Major non-cabinet assignments

  • Jason Nixon, House Leader
  • Doug Schweitzer, Deputy House Leader
  • Ric McIver, Deputy House Leader
  • Sonya Savage, Deputy House Leader
  • Mike Ellis, Whip
  • Joseph Schow, Deputy Whip

After 15 years as a TV reporter with Global and CBC and as news director of RDTV in Red Deer, Duane set out on his own 2008 as a visual storyteller. During this period, he became fascinated with a burgeoning online world and how it could better serve local communities. This fascination led to Todayville, launched in 2016.

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Alberta

A for Quebec, F for Alberta: Study rates Canadian governments on conservation

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A new report grades Canadian governments in how they responded to the country’s international promise to conserve at least 17 per cent of its land mass and 10 per cent of its oceans by 2020.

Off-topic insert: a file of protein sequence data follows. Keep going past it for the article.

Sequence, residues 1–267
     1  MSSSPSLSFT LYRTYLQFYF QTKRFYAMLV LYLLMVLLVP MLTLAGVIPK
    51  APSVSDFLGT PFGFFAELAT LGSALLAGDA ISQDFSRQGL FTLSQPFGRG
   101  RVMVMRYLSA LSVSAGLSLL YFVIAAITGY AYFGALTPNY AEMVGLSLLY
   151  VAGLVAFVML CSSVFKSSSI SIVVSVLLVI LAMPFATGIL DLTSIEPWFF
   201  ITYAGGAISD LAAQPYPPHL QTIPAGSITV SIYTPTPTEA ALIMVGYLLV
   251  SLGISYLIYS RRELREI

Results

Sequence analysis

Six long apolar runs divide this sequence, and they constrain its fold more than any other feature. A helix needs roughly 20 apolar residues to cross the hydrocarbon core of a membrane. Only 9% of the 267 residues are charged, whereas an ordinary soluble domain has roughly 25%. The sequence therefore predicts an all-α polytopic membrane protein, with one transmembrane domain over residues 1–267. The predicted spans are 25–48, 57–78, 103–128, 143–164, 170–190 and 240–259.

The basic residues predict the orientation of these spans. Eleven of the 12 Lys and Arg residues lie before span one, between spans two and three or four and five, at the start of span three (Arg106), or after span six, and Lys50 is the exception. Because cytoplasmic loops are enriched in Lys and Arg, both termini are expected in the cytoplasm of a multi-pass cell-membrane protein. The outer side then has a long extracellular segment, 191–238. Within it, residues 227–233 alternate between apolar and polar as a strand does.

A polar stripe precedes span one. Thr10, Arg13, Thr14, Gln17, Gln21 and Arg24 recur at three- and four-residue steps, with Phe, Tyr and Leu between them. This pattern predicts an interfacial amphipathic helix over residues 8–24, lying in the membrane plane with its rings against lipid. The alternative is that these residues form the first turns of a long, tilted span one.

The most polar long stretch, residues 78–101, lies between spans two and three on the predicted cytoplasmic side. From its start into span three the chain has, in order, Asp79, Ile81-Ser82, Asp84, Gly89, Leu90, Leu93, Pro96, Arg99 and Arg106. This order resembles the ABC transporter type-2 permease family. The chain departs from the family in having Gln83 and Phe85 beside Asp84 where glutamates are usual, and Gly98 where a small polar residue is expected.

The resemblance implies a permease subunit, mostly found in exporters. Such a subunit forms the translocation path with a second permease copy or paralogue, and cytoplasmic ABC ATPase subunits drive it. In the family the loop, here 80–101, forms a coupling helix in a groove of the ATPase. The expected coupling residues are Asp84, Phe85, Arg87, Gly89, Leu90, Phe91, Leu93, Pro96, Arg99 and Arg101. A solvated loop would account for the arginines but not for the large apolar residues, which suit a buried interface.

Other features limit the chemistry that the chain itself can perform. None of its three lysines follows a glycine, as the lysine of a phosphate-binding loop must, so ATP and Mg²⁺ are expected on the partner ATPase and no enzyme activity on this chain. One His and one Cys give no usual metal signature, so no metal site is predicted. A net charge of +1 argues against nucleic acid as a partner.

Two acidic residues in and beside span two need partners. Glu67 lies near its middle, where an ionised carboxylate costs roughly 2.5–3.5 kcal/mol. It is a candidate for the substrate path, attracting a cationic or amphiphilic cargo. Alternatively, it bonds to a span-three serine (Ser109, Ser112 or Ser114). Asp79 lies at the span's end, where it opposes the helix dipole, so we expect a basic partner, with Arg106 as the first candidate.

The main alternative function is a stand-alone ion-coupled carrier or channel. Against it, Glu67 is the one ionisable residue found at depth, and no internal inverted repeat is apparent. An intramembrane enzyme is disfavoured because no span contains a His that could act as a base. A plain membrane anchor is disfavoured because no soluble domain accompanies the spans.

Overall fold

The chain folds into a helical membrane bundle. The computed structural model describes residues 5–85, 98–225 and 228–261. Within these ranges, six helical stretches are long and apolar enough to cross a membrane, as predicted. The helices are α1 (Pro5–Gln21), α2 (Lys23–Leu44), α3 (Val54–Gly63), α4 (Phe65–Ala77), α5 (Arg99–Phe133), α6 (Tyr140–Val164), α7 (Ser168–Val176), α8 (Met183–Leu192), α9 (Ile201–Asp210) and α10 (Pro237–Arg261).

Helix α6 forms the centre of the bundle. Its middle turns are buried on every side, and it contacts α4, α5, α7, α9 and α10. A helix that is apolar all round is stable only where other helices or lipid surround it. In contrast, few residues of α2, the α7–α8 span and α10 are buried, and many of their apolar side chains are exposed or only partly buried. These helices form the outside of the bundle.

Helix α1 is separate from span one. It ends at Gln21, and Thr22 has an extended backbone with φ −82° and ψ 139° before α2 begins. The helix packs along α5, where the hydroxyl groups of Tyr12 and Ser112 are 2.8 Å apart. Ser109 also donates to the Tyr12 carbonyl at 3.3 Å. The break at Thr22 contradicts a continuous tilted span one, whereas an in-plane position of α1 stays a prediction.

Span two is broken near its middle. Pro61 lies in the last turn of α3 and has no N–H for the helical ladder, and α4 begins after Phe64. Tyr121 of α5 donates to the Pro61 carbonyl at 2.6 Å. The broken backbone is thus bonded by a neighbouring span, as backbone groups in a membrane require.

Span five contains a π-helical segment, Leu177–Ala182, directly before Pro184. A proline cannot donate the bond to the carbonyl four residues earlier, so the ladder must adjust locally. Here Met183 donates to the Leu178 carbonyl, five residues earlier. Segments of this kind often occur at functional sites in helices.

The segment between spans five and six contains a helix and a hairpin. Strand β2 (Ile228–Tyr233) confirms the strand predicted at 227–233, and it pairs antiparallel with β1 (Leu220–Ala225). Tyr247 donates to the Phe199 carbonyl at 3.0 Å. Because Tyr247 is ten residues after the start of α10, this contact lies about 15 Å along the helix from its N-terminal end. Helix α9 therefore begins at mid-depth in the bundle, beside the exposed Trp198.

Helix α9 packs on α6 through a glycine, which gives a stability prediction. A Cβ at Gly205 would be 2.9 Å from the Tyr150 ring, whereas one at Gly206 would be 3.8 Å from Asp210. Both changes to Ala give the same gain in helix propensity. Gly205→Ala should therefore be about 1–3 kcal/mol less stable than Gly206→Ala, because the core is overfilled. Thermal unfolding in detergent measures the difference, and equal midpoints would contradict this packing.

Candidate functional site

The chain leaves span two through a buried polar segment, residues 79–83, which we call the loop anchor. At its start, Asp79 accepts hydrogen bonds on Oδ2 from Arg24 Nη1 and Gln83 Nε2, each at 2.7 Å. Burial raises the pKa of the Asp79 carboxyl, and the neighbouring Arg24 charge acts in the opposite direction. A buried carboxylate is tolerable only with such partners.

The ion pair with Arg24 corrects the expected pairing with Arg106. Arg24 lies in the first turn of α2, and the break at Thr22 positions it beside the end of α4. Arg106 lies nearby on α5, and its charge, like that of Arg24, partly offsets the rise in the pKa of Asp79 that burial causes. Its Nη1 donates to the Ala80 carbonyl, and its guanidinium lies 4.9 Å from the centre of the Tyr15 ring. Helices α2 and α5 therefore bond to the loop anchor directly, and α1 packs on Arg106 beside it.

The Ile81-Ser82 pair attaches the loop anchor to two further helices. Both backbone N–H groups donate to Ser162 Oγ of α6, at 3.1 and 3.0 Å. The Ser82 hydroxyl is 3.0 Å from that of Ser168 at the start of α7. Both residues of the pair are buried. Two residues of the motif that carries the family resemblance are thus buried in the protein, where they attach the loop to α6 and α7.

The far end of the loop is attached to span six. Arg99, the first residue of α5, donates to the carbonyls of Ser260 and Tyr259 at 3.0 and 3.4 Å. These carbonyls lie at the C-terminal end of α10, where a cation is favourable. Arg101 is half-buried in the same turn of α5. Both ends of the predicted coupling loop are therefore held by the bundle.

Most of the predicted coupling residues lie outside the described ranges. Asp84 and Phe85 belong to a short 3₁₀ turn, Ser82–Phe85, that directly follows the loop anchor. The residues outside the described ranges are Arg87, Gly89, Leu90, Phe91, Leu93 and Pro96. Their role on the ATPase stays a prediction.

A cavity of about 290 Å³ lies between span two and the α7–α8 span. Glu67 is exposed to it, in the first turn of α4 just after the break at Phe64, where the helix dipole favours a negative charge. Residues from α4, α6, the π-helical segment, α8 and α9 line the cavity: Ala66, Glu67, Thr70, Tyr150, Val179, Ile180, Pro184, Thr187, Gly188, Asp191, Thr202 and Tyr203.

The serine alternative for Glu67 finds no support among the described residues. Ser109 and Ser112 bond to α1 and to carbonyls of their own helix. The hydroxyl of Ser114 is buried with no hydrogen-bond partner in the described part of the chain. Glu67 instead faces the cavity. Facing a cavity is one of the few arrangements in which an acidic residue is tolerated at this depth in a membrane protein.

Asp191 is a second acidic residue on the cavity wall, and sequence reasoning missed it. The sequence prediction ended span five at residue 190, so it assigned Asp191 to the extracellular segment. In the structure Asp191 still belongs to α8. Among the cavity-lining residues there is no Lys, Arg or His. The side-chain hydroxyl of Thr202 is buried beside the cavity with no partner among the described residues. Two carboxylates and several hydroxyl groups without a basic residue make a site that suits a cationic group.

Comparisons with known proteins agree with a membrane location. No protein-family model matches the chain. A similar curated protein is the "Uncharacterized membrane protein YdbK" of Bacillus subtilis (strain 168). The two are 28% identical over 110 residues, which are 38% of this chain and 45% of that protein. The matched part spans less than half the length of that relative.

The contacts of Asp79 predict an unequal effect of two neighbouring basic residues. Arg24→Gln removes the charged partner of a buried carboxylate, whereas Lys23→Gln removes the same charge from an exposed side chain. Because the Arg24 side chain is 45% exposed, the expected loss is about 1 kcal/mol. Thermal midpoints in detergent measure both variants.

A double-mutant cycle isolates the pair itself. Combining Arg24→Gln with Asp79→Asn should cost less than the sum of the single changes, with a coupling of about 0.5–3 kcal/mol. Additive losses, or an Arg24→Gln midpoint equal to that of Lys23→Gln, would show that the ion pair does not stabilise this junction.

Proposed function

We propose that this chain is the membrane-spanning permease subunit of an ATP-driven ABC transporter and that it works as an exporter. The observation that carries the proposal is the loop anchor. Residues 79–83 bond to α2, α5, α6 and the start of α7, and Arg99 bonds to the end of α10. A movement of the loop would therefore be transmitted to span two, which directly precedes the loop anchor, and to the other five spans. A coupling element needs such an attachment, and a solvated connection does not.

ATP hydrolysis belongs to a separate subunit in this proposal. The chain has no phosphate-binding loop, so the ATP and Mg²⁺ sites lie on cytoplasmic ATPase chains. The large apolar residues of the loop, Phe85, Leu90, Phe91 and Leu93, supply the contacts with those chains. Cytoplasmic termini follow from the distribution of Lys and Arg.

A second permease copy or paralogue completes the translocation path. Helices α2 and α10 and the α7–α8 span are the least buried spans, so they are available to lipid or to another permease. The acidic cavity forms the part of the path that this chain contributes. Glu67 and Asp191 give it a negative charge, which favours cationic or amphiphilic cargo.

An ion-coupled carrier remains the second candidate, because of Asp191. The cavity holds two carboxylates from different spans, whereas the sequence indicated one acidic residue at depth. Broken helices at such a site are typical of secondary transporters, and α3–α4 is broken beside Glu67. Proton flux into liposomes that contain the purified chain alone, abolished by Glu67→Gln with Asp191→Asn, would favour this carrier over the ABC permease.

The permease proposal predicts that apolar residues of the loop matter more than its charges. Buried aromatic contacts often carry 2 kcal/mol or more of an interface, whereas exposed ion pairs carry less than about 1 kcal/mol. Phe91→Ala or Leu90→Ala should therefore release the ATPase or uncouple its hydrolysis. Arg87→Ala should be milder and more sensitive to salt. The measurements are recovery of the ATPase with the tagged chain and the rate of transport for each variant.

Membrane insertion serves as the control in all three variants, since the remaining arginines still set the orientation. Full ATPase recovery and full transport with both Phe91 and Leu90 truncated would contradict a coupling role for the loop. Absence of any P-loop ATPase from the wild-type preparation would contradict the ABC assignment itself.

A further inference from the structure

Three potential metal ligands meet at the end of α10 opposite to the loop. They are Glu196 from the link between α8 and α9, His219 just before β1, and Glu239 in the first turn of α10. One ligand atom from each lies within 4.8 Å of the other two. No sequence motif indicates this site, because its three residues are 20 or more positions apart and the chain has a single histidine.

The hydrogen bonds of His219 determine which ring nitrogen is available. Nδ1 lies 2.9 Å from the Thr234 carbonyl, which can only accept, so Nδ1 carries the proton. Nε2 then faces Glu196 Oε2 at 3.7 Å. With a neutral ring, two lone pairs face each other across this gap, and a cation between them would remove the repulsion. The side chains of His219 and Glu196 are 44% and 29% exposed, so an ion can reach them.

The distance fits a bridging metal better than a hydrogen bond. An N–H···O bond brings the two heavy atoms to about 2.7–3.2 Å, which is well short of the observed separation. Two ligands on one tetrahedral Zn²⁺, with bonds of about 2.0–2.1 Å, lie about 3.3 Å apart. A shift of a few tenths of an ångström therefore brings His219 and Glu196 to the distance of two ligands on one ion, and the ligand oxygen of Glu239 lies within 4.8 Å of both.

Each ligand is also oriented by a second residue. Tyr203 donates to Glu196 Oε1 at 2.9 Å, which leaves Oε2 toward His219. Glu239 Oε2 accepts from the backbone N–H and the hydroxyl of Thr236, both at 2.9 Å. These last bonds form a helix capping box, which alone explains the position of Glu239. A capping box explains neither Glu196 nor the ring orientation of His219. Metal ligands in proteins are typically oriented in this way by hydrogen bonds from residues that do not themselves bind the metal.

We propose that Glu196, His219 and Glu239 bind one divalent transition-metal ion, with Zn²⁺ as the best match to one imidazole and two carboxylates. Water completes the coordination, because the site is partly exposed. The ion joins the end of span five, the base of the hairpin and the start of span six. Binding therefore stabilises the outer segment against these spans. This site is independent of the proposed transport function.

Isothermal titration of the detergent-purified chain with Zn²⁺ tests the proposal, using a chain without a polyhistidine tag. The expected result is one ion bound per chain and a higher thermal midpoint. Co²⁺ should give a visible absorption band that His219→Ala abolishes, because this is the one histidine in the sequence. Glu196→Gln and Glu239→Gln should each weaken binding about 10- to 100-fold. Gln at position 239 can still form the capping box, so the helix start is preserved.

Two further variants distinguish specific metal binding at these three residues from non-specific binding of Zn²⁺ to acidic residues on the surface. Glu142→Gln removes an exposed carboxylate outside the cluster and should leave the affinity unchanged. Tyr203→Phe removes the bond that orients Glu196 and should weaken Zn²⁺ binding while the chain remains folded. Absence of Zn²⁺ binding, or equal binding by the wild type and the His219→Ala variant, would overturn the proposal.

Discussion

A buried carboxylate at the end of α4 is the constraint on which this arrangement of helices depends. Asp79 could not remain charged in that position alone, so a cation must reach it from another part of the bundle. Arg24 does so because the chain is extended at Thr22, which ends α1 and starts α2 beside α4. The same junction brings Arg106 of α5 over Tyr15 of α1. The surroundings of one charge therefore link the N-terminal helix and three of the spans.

The report, released today by the Canadian Parks and Wilderness Society, says Quebec and the federal government are the only jurisdictions to come close to meeting the 17 per cent conservation target.

The society says Alberta performed the worst, cancelling previously planned protections, delisting parks and attempting to open the Rocky Mountains for open-pit coal mining. 

“A lot of it has to do with political will,” said society spokeswoman Alison Woodley.

The group chose to examine how close different Canadian jurisdictions came to meeting its Aichi targets, an international agreement signed by Canada in 2010. The idea, said Woodley, was to learn how to better meet the next set of conservation goals — 30 per cent of land and oceans by 2030.

The report used internationally recognized standards of what constitutes protection and federal data on the amount of land covered. 

Nationally, Canada met and exceeded its 2020 ocean goals, but fell short by more than three percentage points on land. That was good enough for a B-plus and an A-minus respectively, the report says.